11th Annual BCLT Privacy Lecture

Conference/Symposium | March 14 | 3-6:30 p.m. |  International House

 Berkeley Center for Law & Technology (BCLT)

Professor Shoshana Zuboff, author of The Age of Surveillance Capitalism (January 2019), joined the Harvard Business School faculty in 1981. One of the first tenured women at the school, she was the Charles Edward Wilson Professor of Business Administration. Her career has been devoted to the study of the rise of the digital, its individual, organizational, and social consequences, and its relationship to the history and future of capitalism.

What is the problem? Not technology… not a corporation… The problem is surveillance capitalism, a new logic of capital accumulation that founds a burgeoning surveillance-based economic order. Surveillance capitalism originates in the unilateral claim to human experience as the source of free raw material for its hidden commercial practices, including the extraction of behavioral data, the fabrication of those data into predictions of human behavior, and the sale of those prediction products in new behavioral futures markets. Surveillance capitalism is a born-digital market form governed by novel and even startling economic imperatives that produce unprecedented asymmetries of knowledge and power. The stark new social inequalities that characterize this market project enable new forms of economic and social domination, while challenging human autonomy, elemental and established human rights, including the right to privacy, and the most basic precepts of a democratic society....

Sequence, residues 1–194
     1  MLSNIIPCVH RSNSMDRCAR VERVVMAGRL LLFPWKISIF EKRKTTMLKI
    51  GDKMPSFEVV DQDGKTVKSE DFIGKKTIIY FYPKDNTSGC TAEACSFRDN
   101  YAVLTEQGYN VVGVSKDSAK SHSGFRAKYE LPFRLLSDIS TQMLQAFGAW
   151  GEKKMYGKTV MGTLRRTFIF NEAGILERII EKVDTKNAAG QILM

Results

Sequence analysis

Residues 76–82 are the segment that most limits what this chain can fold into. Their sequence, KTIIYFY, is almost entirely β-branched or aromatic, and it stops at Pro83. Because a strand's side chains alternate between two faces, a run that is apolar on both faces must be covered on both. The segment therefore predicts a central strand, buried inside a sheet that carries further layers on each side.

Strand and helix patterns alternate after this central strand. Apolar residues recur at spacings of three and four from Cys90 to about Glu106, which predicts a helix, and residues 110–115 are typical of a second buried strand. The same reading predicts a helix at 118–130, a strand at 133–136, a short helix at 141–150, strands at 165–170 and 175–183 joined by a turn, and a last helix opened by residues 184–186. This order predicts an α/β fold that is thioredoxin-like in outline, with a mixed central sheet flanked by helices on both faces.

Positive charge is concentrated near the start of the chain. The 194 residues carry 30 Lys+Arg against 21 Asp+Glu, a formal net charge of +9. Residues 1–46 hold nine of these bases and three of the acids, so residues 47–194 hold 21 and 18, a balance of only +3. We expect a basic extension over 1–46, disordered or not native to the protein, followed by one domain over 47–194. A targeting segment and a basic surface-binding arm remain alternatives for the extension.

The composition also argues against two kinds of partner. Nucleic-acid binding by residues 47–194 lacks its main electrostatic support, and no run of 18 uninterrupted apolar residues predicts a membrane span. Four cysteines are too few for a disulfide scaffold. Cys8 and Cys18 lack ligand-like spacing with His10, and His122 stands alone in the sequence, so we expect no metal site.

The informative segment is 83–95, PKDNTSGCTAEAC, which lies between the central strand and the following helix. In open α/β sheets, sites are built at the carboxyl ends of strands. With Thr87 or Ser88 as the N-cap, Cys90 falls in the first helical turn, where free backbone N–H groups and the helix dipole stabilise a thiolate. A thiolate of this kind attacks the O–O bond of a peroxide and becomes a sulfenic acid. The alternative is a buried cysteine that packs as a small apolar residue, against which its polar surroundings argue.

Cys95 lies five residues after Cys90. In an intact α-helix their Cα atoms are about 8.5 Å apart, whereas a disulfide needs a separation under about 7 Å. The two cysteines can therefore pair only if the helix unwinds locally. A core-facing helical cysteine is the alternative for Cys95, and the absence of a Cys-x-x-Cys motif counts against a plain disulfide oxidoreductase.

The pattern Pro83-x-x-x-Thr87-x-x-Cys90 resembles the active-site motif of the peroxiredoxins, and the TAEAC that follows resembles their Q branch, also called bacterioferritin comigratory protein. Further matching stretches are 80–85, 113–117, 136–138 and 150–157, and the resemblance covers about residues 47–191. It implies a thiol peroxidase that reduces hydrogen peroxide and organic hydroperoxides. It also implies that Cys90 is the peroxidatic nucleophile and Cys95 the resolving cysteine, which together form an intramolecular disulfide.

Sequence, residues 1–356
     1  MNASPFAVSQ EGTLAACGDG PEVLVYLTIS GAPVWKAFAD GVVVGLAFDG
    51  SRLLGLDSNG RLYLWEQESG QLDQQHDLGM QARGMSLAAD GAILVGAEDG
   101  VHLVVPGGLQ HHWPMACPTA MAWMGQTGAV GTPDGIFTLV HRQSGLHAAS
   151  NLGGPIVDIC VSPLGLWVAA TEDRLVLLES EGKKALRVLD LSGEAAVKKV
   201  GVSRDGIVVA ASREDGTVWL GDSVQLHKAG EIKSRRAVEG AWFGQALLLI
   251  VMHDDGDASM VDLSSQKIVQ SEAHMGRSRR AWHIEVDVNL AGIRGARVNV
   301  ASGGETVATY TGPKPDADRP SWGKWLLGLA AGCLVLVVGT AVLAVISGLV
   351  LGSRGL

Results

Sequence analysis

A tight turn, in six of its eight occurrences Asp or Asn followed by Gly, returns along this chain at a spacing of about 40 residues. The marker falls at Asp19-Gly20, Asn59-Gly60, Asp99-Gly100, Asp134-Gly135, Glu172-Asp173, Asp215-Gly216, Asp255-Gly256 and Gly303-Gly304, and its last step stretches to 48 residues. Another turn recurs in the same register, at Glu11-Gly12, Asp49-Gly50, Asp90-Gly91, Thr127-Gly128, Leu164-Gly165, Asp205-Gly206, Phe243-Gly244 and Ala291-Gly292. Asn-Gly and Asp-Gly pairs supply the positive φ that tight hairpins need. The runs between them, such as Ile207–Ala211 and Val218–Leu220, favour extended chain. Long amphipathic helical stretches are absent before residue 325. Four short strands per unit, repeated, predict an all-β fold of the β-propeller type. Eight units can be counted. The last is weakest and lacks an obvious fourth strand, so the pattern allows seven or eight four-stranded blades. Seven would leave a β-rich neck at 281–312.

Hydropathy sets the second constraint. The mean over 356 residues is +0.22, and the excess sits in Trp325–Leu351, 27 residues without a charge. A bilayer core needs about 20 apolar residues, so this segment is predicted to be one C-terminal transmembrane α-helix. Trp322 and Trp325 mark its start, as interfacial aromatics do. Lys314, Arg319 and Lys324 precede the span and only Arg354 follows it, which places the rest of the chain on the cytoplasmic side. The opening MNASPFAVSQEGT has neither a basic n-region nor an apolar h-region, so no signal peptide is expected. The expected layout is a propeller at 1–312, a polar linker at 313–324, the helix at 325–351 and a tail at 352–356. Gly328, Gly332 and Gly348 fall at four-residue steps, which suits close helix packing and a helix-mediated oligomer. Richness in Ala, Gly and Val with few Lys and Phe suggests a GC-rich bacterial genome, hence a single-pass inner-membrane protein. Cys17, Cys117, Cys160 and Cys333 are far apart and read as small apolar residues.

What is to be done? Surveillance capitalism and its discontents must be named in order to be tamed. This is our new collective challenge. Ultimately our fate and that of generations to follow depend upon asserting democratic control over the essential questions of the division of learning in society. Who knows? Who decides? Who decides who decides? How will we answer?

Commentary by:

Professor Maria Brincker, Associate Professor of Philosophy, University of Massachusetts, Boston
Maria Brincker is an Associate Professor of Philosophy at the University of Massachusetts, Boston. She has published on a range of topics having to do with concrete aspects of our sensorimotor embodiment and our social and technological embeddedness and how these dynamically shape our minds and agency. She holds a PhD from the CUNY Graduate Center and was previously an Arts and Neuroscience Fellow at the Italian Academy at Columbia University.

Professor Brett Frischmann, Charles Widger Endowed University Professor in Law, Business and Economics, Villanova University Law School
Professor Frischmann is a renowned scholar in intellectual property and internet law. Before coming to Villanova, he was director of the Cardozo Intellectual Property and Information Law Program (2011-2016) and the Microsoft Visiting Professor of Information and Technology Policy at Princeton University. Professor Frischmann’s work has appeared in leading scholarly publications, including Columbia Law Review, University of Chicago Law Review, and Review of Law and Economics. He recently published Re-Engineering Humanity (Cambridge University Press 2018) with philosopher Evan Selinger.

 bclt@law.berkeley.edu, 510-642-8073